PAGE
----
Techdirt Podcast Episode 199: From Apple To The ACLU, With Jon Callas

from the range-of-expertise dept

Jon Callas has been at the forefront of computer security issues for a long time, most recently as the head of Apple's team of internal hackers that try to break into the company's own products. But just a couple of months ago he made a change, and left Apple to work on tech policy at the ACLU. This week, he joins us on the podcast to discuss the new job, computer security policy, and the latest phase of the crypto-wars.

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Filed Under: aclu, encryption, jon callas, podcast, policy, security
Companies: apple


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  • icon
    Zof (profile), 12 Feb 2019 @ 1:37pm

    What I always find amusing is the somber tones some writer will use when pretending Apple has security, or are experts at security.

    iOS and OSX have topped the CVE list for vulnerable operating systems almost their entire existence. They literally, year after year, compete with each other to be the least secure OS. I believe OSX is "winning" right now.

    Perhaps it was good he found a new job.

    reply to this | link to this | view in chronology ]

    • identicon
      Anonymous Coward, 12 Feb 2019 @ 6:21pm

      Re:

      Yeah, Mike's assertion at the start of this that Apple has a long reputation for excellent security is kind of...

      wait for it...

      laughable.

      reply to this | link to this | view in chronology ]

    • icon
      Mike Masnick (profile), 12 Feb 2019 @ 8:57pm

      Re:

      Nearly every security professional I know insists that if you want to be secure, you should use an iPhone, rather than anything else on the market. There's a reason for that. No one has perfect security, but Apple is widely recognized -- especially in mobile -- for being extraordinarily secure.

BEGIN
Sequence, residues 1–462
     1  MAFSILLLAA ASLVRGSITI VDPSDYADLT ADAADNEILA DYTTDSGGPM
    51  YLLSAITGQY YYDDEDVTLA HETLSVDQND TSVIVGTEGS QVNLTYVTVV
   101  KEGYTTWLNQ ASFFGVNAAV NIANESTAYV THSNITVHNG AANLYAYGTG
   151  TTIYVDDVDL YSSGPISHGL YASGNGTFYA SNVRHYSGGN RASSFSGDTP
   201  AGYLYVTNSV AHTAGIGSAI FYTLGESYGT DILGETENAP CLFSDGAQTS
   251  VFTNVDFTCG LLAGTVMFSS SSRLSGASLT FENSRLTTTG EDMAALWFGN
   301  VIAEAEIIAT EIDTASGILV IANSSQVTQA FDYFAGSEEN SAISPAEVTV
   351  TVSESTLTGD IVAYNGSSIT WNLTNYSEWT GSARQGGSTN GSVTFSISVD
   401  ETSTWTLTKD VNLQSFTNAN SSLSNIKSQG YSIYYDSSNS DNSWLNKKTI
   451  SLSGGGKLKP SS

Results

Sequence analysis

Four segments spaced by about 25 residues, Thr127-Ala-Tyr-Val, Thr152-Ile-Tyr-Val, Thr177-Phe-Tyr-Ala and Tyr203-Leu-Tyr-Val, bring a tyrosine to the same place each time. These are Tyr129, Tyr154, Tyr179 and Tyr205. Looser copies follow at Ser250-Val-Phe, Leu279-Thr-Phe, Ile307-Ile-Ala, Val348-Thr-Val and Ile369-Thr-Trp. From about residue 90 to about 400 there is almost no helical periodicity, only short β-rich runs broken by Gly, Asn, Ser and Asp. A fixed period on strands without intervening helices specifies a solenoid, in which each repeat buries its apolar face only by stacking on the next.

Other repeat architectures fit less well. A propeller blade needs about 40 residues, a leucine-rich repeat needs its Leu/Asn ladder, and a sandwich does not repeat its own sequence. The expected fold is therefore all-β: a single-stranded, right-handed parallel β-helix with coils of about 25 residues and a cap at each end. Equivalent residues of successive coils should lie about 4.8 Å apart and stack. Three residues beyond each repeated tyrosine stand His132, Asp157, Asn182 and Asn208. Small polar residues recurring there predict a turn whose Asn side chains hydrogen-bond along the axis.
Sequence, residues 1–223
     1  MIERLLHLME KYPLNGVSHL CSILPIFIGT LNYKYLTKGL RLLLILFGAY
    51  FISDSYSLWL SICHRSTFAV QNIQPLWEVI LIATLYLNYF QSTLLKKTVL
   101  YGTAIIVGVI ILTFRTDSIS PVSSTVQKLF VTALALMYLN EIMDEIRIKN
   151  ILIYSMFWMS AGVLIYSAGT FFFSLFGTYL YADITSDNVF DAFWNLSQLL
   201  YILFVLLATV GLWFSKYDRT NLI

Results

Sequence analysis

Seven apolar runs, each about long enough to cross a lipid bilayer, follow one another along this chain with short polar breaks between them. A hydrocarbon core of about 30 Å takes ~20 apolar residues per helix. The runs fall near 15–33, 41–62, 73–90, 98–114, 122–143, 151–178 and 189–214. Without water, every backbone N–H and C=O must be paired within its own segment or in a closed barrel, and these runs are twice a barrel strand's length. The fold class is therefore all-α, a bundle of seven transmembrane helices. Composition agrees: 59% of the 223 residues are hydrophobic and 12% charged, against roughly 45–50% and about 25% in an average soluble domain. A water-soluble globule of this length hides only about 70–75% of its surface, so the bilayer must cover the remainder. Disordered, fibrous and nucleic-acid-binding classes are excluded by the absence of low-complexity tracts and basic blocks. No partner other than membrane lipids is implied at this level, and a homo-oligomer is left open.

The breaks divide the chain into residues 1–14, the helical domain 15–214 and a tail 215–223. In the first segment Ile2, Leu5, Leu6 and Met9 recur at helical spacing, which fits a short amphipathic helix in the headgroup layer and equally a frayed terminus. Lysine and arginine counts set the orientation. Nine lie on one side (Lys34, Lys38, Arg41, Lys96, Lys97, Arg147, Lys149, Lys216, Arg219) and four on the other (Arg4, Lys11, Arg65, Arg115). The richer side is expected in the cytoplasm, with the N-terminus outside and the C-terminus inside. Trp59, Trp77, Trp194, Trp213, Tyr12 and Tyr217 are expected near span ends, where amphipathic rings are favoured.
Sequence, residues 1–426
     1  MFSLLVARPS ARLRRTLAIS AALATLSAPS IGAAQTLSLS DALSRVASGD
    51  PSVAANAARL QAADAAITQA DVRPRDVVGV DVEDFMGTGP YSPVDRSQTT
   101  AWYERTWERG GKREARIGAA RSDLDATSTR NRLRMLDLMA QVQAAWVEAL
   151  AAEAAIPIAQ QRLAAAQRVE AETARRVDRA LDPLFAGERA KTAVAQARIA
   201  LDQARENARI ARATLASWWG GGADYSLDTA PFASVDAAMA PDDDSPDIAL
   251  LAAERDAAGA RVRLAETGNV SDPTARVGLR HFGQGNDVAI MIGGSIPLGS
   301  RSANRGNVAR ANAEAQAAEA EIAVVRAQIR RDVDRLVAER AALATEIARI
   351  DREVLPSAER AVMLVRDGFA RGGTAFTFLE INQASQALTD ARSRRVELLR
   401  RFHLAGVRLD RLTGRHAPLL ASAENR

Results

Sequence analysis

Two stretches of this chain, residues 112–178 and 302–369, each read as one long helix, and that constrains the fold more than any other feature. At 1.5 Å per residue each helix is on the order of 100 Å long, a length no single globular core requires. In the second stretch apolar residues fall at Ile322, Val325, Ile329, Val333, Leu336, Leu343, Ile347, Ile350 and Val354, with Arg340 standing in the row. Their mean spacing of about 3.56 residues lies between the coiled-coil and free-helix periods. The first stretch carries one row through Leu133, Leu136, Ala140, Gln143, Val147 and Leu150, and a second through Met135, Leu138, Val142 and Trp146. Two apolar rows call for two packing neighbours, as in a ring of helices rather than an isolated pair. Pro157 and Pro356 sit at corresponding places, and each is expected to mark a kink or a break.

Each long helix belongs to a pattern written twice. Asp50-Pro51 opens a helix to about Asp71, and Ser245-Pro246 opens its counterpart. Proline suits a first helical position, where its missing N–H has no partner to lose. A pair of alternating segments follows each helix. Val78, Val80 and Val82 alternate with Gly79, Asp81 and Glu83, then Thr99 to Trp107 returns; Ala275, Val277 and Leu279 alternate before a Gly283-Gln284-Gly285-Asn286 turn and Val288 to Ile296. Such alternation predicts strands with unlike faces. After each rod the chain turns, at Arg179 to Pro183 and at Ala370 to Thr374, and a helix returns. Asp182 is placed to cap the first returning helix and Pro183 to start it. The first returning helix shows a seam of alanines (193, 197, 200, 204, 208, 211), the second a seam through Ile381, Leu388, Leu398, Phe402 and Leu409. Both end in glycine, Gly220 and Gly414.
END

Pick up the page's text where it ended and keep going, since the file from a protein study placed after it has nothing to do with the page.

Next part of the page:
reply to this | link to this | view in chronology ]

  • identicon
    Anonymous Coward, 12 Feb 2019 @ 10:08pm

    On another note, Apple is offering news organizations half the revenue if they participate in an all-you-can-read news service, divided up based on how much time is spent on each article.

    The news organizations don't seem impressed.

    reply to this | link to this | view in chronology ]

  • identicon
    Prinny, 13 Feb 2019 @ 11:22am

    It's really disingenuous to talk about Facebook "paying" people for their data with coupons, dood. Payment means you end up with more money than you had before. Coupons do the opposite; they're entirely worthless unless you spend money and therefore end up with less than you had before. The very best case scenario is that you save on something you were going to buy anyway and so you end up with not quite as much less money as you would have, but in reality the reason stores give out coupons like candy is because they serve as advertising, enticing you to buy more stuff and spend more of your money with them, dood!

    reply to this | link to this | view in chronology ]


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